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VOL. XV. JANUARY 1, 1894. NO. 1.



EVEN the dullest minds are becoming convinced that there is something peculiar about our day; that the civilization of competition—a selfish civilization—has been tried in the balances of experience and is found wanting; that the more general the intelligence on that line, the sharper the competition between the classes whose selfish interests oppose each other; and that, as iron sharpens iron, so the selfish energy of each class sharpens the opposing class, and makes ready for the great "day of slaughter"—the utter wreck of the present social structure.

Worldly people not only see the great "battle" approaching, but they see that the skirmishing is already beginning all along the line—in every civilized country and on every imaginable issue. Their attitude is well described by our Lord's words;—"Men's hearts failing them for fear and for looking after those things which are coming on the earth."—Luke 21:26.

The child of God sees the same things; but, being forewarned of them, he knows their import, their foreordained blessed results. Therefore he can lift up his head and rejoice, realizing that these dark clouds are the harbingers of coming Millennial blessings—that they mark the approach of the deliverance of God's saints, their exaltation to power as God's Kingdom, and the blessing of all the families of the earth through that Kingdom.

It may be claimed with truth that the world as a whole never was so rich as to-day; that the masses never lived so comfortably as to-day—never were so well housed, clothed and fed as to-day. But we answer: (1) The taste of luxury which the masses have had has only whetted their appetites for more; and (2) the things considered luxuries thirty years ago are esteemed necessities of life under the higher intelligence to which "the day of the Lord's preparation" has awakened the world.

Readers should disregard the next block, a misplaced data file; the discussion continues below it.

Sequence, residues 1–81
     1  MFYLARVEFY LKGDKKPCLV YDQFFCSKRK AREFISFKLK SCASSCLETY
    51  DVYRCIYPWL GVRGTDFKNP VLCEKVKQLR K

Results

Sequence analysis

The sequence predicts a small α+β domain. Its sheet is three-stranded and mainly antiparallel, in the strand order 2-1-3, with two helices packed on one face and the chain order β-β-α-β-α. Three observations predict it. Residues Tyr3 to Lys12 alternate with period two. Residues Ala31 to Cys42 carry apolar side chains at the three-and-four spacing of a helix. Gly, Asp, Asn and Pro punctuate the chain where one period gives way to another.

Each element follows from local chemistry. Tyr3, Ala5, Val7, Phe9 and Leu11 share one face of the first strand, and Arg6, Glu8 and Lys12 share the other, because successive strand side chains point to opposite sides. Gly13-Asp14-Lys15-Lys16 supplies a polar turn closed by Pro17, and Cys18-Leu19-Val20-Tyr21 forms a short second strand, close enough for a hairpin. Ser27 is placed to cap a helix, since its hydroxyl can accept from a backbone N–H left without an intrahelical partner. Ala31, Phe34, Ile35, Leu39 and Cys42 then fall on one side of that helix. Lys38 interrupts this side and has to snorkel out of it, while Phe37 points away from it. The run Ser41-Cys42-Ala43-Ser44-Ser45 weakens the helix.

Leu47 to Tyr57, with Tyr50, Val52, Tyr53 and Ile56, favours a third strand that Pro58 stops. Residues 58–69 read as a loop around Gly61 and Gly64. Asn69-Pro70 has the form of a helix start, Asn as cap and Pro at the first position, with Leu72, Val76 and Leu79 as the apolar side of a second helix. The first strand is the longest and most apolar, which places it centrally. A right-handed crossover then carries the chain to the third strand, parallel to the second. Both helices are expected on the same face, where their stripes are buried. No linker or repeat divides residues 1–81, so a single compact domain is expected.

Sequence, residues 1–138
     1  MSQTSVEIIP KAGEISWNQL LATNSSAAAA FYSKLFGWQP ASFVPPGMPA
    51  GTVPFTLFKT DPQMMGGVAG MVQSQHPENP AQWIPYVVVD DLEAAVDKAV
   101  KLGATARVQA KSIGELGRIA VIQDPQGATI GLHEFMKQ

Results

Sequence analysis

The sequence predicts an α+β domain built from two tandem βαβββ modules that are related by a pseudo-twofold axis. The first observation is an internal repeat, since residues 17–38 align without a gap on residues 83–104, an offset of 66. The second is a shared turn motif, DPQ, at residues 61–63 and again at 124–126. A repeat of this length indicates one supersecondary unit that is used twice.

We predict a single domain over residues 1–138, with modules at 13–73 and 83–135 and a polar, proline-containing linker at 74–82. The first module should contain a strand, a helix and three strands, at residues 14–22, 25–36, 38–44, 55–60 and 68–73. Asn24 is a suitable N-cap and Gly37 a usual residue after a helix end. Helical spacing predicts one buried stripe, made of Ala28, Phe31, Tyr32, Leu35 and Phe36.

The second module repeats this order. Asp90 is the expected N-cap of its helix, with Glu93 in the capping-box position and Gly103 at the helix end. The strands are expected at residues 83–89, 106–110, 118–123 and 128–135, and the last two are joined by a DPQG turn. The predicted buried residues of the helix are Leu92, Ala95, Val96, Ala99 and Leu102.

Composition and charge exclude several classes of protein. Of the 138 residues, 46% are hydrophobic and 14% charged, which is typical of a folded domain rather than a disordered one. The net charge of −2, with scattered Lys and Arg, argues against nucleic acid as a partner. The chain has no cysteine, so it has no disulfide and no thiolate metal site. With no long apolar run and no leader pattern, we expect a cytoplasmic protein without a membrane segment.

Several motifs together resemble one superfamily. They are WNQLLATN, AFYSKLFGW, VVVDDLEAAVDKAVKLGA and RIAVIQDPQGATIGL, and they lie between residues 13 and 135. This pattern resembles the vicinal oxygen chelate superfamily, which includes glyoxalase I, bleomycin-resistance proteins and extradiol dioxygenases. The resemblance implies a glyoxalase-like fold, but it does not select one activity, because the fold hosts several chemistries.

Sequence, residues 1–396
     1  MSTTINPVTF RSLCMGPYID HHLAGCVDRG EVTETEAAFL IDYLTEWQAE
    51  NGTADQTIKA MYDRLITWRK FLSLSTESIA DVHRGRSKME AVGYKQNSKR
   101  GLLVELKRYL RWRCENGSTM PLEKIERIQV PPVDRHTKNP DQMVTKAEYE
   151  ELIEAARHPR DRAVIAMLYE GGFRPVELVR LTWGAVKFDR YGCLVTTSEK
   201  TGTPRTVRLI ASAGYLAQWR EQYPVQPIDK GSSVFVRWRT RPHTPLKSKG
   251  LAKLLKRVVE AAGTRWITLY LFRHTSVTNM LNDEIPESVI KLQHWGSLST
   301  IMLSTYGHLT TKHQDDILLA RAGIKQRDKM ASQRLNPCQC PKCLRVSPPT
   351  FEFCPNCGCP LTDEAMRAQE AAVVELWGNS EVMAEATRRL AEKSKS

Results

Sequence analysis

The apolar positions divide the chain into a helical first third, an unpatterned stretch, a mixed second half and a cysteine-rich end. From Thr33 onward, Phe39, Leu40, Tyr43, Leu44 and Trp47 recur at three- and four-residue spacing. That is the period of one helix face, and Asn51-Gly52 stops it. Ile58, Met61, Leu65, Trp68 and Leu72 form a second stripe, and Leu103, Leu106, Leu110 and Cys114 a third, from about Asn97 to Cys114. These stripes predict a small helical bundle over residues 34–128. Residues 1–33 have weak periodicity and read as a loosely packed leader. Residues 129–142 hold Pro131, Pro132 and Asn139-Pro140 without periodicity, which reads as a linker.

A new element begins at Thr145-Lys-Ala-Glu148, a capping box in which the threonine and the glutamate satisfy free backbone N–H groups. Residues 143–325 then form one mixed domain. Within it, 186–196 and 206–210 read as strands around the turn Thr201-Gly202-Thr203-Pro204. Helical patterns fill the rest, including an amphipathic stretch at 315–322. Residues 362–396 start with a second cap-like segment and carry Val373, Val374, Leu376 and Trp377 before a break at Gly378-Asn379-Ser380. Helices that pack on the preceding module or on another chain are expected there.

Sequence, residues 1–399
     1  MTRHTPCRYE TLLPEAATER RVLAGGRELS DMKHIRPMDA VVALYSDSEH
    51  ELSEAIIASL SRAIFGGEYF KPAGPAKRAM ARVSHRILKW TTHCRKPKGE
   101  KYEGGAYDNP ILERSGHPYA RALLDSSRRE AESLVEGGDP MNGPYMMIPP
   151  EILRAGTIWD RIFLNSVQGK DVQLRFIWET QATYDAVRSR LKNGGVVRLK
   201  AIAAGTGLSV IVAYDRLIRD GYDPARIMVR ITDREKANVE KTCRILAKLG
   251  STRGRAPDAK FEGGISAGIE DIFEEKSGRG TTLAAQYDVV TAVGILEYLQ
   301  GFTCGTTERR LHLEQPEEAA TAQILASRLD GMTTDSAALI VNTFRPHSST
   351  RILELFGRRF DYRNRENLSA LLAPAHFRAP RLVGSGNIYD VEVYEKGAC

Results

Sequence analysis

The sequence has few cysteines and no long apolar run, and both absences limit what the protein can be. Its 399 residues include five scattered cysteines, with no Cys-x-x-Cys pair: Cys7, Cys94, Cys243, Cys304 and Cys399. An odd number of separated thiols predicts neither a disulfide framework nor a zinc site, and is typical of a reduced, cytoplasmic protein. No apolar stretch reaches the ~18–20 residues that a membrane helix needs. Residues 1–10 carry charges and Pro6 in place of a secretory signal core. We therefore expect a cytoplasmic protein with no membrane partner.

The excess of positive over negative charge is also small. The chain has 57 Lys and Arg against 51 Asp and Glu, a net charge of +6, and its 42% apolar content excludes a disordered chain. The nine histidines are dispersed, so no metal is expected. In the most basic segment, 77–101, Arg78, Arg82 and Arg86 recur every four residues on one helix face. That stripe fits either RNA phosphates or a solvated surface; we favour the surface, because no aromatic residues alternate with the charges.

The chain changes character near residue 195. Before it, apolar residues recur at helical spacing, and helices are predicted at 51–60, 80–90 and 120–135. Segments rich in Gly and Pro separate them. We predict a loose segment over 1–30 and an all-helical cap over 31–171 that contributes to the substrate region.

When the world was generally asleep, the aristocratic class ruled it with comparative ease; for not only ignorance, but superstition also, assisted. If the people began to awaken religiously, and to question the power of pope and clergy, the aristocracy reproved them for their ignorance on religious subjects and awed them into submission to one or another party. If the people began to get awake on political questions, and to doubt the propriety of submitting themselves to the rule of some particular family—if they questioned the greater ability of some "royal" family to rule, or its right to perpetuate its control through unworthy members—aristocracy, always fearing some abridgment of its "vested rights," has upheld even insane royalty, lest, if the principle were overthrown, the people should get awake, and aristocracy should suffer directly or indirectly.

Hence, royalty and aristocracy appealed to pope and clergy—expecting from them the favor, co-operation and support which they received: the ecclesiastics assured the people that their kings and emperors ruled them by divine appointment, and that to oppose their rule would be to fight against God.

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But now all this is changed: the people are awake on every issue—political, religious and financial—and are challenging everything and everybody; and financial, political and religious rulers are willing to sacrifice each other for self-interest, and are kept busy guarding their own peculiar interests, often opposing each other to gain popular support.

Look at Papacy: note her attitude toward the French Republic—her praise of and friendship for republican principles. Who does not know that Papacy has been more insulted and opposed by France than by any other nation—by the present Republic, too? Who cannot see that the policy of Rome is to-day, as it always has been, hierarchical and monarchical, and opposed to the liberties of the people? Yet now Papacy extols the Republics of France and the United States to win the sympathies of the people and to hide the records of history. Her design is to draw to herself the opposing classes, deceiving both.